US2609907A (en) * 1947-09-16 1952-09-09 Brush Dev Co Self-justifying printing device
US2646733A (en) * 1947-12-20 1953-07-28 Howard B Ackerman Record-actuated photocomposing machine
US2664986A (en) * 1949-10-04 1954-01-05 Graphic Arts Res Foundation In Apparatus for composing justified lines
US2678713A (en) * 1945-06-02 1954-05-18 Graphic Arts Res Foundation In Apparatus for justifying lines
US2678712A (en) * 1945-10-06 1954-05-18 Graphic Arts Res Foundation In Justifying device
US2682814A (en) * 1948-01-14 1954-07-06 Graphic Arts Res Foundation In Photocomposing apparatus
US2699859A (en) * 1949-01-29 1955-01-18 Graphic Arts Res Foundation In Apparatus for composing justified lines
US2700447A (en) * 1950-10-13 1955-01-25 Commerical Controls Corp Justifying typewriter
US2725803A (en) * 1947-06-07 1955-12-06 Cecil L Tansel Photographic composing apparatus
US2753973A (en) * 1953-03-12 1956-07-10 Ibm Justifier for typewriters
US2772613A (en) * 1955-03-18 1956-12-04 Williams Woodbury Photocomposing apparatus and justifying apparatus
US2786400A (en) * 1949-10-05 1957-03-26 Time Inc Justifying and character positioning apparatus for electronic photo-typecomposing system
US2787654A (en) * 1948-07-29 1957-04-02 Walter E Peery Electronic photo-typecomposing system
US2806575A (en) * 1947-08-23 1957-09-17 Graphic Arts Res Foundation In Type composing apparatus
US2847919A (en) * 1953-03-13 1958-08-19 Mergenthaler Linotype Gmbh Photocomposing machine
US2910163A (en) * 1957-10-01 1959-10-27 Graphic Arts Res Foundation In Type composing apparatus
US2950672A (en) * 1957-12-11 1960-08-30 Ibm Printing directory
US2971626A (en) * 1948-10-01 1961-02-14 Dirks Gerhard Justifying apparatus for power operated typewriters
US2973080A (en) * 1948-01-16 1961-02-28 Graphic Arts Res Foundation In Character space controls for type composition
US3082670A (en) * 1957-09-25 1963-03-26 American Type Founders Co Inc Typesetting system and apparatus
DE1151523B (en) * 1959-06-08 1963-07-18 Olympia Werke Ag Apparatus for controlling line switching devices to write and similar machines
DE1174800B (en) * 1958-08-09 1964-07-30 Dr Oskar Vierling Tastenbetaetigte apparatus for producing strip register for the control of template set and line casting
DE1179222B (en) * 1959-06-25 1964-10-08 Oskar Vierling Prof Dr Display means for counting Matrizenbreiten
US3205996A (en) * 1962-01-24 1965-09-14 Greenwood Joseph Arthur Space computer for justifying typing machine
US3238505A (en) * 1961-04-21 1966-03-01 Honeywell Inc Information handling apparatus
DE1224332B (en) * 1954-07-23 1966-09-08 Erich Hudec Dr Ing Key controlled device for magnetically recording binary code symbols on a magnetic tape
US3272306A (en) * 1963-03-19 1966-09-13 Friden Inc Justification zone-indicating counter
US3346086A (en) * 1963-09-25 1967-10-10 Ibm Proportional escapement apparatus for a single element typewriter
US3512132A (en) * 1967-03-14 1970-05-12 Ibm Composing apparatus with table lookup mode
US3529296A (en) * 1967-06-08 1970-09-15 Filmotype Corp Hyphen-based line composing apparatus and method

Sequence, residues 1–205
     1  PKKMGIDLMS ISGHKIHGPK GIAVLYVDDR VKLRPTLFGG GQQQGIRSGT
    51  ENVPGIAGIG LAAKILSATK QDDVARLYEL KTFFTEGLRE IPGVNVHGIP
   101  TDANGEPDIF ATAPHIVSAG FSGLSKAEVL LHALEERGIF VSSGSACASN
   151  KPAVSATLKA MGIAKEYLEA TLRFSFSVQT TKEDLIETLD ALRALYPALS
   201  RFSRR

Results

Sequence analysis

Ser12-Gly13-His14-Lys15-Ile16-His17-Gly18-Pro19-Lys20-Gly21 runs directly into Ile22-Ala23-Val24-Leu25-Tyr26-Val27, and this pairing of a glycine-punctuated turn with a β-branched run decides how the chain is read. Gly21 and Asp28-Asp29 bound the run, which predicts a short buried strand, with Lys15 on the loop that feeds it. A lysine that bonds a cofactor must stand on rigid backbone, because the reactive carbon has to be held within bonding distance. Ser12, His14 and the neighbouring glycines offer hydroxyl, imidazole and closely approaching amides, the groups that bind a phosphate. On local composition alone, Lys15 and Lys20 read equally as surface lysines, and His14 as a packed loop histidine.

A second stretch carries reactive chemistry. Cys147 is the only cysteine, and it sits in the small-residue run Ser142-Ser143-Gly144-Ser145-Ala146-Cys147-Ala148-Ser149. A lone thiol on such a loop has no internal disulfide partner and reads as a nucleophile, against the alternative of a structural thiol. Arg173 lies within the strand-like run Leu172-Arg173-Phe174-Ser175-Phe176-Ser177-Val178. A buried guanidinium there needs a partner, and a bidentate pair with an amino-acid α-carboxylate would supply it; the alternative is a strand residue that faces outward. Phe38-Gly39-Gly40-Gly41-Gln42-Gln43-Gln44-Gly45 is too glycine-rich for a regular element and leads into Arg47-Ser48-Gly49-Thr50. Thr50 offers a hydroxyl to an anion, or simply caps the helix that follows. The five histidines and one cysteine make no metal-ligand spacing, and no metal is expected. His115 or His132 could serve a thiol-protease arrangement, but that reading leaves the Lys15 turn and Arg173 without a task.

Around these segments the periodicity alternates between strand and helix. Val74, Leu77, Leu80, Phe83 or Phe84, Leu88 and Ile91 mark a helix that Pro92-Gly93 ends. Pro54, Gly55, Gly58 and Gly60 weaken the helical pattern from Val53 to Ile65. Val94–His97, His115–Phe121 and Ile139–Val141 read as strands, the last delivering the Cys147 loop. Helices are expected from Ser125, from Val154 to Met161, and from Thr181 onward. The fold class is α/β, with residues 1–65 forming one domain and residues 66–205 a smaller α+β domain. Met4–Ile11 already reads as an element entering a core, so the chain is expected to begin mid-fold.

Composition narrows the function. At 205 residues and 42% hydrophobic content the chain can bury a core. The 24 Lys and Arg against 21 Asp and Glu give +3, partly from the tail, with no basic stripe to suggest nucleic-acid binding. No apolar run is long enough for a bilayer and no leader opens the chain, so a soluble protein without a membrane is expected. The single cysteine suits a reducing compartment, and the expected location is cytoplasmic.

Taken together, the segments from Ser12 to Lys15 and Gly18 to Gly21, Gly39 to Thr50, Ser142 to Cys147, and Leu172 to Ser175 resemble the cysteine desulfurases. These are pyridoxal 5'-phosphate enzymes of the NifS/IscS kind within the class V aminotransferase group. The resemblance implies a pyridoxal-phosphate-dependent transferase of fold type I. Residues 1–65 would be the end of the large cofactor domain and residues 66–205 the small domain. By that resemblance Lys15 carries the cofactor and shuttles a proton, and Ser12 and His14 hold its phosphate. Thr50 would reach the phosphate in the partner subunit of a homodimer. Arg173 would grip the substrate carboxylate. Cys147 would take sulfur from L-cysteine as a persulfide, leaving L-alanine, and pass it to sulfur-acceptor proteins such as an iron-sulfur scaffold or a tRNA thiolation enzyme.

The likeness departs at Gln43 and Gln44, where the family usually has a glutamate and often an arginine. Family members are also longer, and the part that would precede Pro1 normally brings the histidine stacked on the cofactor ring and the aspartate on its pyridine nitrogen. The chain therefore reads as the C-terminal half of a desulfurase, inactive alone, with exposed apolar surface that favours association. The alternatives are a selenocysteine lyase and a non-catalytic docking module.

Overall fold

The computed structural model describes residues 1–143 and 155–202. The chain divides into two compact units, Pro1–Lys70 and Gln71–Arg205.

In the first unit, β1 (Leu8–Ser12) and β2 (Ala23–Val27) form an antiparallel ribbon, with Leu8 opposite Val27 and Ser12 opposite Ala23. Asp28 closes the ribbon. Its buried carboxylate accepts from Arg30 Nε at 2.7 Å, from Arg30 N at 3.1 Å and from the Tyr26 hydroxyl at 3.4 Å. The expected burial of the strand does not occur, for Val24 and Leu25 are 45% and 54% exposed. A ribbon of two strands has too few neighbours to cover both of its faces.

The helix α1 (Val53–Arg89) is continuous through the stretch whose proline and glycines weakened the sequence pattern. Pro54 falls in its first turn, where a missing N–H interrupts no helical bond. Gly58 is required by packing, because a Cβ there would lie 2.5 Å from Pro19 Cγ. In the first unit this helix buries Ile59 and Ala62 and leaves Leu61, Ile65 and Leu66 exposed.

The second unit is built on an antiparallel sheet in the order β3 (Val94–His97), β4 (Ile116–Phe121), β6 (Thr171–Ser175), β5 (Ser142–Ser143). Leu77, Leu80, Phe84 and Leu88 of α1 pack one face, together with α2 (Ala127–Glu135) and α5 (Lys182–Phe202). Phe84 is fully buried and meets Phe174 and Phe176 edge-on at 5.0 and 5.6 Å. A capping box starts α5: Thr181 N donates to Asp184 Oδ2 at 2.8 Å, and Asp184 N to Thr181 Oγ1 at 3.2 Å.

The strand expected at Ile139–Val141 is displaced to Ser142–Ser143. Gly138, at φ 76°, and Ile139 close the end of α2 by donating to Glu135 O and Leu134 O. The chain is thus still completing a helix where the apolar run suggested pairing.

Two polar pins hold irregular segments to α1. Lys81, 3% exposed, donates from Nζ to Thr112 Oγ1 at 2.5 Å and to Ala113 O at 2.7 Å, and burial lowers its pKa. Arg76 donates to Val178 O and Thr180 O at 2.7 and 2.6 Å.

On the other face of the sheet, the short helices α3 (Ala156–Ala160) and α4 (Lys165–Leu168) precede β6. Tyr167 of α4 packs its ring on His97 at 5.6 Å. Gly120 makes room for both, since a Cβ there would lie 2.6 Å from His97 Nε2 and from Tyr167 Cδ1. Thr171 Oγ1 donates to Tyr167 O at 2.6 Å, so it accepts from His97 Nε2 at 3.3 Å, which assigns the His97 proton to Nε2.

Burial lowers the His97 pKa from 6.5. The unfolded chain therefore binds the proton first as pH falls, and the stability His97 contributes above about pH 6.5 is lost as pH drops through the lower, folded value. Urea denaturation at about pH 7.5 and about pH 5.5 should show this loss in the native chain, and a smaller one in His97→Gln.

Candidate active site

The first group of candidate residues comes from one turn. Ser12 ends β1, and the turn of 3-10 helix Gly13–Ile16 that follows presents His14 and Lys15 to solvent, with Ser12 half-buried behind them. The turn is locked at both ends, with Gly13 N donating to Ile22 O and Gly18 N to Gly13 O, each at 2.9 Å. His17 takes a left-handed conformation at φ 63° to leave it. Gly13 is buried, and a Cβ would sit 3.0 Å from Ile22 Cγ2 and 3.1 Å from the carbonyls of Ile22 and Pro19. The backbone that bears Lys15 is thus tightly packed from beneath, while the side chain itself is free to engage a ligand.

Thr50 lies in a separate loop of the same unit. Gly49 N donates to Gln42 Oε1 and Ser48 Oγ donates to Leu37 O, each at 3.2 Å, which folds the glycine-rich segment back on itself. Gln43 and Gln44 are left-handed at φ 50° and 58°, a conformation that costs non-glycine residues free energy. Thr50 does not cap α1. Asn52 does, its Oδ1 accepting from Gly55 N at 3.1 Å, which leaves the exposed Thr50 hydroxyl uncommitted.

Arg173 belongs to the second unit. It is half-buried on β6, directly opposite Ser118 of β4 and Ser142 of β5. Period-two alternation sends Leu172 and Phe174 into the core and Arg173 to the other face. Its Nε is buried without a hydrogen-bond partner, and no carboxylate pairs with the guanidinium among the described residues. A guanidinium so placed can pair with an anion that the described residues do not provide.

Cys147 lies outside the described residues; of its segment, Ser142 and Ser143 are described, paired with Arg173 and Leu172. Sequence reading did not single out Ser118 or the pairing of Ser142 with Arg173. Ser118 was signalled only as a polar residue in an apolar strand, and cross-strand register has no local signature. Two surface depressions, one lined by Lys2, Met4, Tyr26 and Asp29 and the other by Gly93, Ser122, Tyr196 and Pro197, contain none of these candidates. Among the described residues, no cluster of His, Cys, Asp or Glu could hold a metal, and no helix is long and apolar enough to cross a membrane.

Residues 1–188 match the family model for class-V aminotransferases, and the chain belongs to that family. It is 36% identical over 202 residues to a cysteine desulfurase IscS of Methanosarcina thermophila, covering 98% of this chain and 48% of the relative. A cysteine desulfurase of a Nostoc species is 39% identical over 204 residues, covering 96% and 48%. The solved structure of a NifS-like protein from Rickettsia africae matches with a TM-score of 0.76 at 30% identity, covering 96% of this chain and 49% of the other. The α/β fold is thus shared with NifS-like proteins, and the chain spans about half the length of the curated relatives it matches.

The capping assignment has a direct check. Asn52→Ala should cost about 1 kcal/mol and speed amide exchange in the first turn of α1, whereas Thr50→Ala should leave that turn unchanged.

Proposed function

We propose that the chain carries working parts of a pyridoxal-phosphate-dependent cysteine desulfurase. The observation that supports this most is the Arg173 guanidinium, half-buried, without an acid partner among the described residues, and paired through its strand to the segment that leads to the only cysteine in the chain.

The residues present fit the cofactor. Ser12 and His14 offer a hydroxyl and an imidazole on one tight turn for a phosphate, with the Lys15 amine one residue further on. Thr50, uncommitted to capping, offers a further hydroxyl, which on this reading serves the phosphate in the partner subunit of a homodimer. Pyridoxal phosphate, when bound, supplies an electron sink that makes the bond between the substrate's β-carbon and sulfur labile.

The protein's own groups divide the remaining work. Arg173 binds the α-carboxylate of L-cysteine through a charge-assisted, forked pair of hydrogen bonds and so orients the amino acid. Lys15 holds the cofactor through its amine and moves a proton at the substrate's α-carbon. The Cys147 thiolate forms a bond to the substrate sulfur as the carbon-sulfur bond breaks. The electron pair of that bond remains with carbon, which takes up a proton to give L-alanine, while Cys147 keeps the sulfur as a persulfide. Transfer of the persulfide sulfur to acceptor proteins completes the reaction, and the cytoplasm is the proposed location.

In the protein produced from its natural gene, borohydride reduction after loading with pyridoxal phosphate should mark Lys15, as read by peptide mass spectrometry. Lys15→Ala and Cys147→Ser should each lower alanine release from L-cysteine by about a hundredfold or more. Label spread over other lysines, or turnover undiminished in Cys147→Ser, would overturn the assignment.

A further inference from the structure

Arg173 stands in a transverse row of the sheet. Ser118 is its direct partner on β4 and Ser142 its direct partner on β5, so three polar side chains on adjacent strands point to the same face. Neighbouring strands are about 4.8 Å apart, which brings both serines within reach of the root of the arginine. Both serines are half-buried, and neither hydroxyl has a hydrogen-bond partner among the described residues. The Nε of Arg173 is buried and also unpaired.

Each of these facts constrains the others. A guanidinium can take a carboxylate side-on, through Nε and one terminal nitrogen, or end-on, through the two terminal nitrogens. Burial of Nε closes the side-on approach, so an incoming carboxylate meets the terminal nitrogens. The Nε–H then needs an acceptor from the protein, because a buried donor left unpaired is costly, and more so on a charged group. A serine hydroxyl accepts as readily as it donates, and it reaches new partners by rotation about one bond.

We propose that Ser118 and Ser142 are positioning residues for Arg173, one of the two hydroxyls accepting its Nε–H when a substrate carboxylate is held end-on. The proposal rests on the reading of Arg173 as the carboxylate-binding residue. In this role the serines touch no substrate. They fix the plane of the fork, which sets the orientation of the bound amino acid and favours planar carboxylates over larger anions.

US3581285A (en) * 1968-11-20 1971-05-25 Honeywell Inc Keyboard to memory peripheral device
US3611308A (en) * 1969-06-13 1971-10-05 Viatron Computer Systems Corp Printer translator system
US3763471A (en) * 1970-08-11 1973-10-02 R Manly Method of editing an erroneous section of a message
US3805940A (en) * 1971-07-12 1974-04-23 Automix Keyboards Justifying apparatus
US3945480A (en) * 1971-12-28 1976-03-23 Realty & Industrial Corporation Justifying, text writing reproducing machine
US3993179A (en) * 1971-12-28 1976-11-23 Realty & Industrial Corporation Justifying, text writing composing machine
US4005772A (en) * 1972-10-12 1977-02-01 Harris Corporation Automatic justifying typewriter having pitch changing and line spacing apparatus
US4298290A (en) * 1980-06-16 1981-11-03 International Business Machines Corporation System and printer justification system
US4585360A (en) * 1981-09-01 1986-04-29 Canon Kabushiki Kaisha Electronic equipment having a character sequence memory and a character display
US5157784A (en) * 1983-06-14 1992-10-20 Canon Kabushiki Kaisha Memory control system responsive to determination, allocating adjacent test space for editing space, relocating adjacent text and editing selected text
US5322376A (en) * 1980-10-31 1994-06-21 Canon Kabushiki Kaishi Serial printing apparatus including an error correcting capability and having a memory
US5421179A (en) * 1993-01-28 1995-06-06 Assa Ab Cylinder lock provided with an exchangeable lock-cylinder
US5562355A (en) * 1980-10-31 1996-10-08 Canon Kabushiki Kaisha Serial printing apparatus with sentence memory and display having correcting means

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US626098A (en) * 1899-05-30 risley
US620183A (en) * 1899-02-28 risiey
AT33827B (en) * 1905-08-14 1908-07-25 Eduard Marek V Marchthal Apparatus for effecting compensation of the line of Typenschreib- or similar machines.
US1962136A (en) * 1930-08-01 1934-06-12 Howard D Colman Storing transmitter
US2178379A (en) * 1935-12-16 1939-10-31 Louis A Spievak Means for photographic type composing

Cited By (52)

* Cited by examiner, † Cited by third party
Publication number Priority date Publication date Assignee Title
US2678713A (en) * 1945-06-02 1954-05-18 Graphic Arts Res Foundation In Apparatus for justifying lines
US2678712A (en) * 1945-10-06 1954-05-18 Graphic Arts Res Foundation In Justifying device
US2555734A (en) * 1945-12-21 1951-06-05 Ibm Automatic justifying typewriter
DE974314C (en) * 1945-12-21 1960-11-24 Ibm Deutschland Zusatzgeraet for power-driven typewriters for independent writing down of excluded lines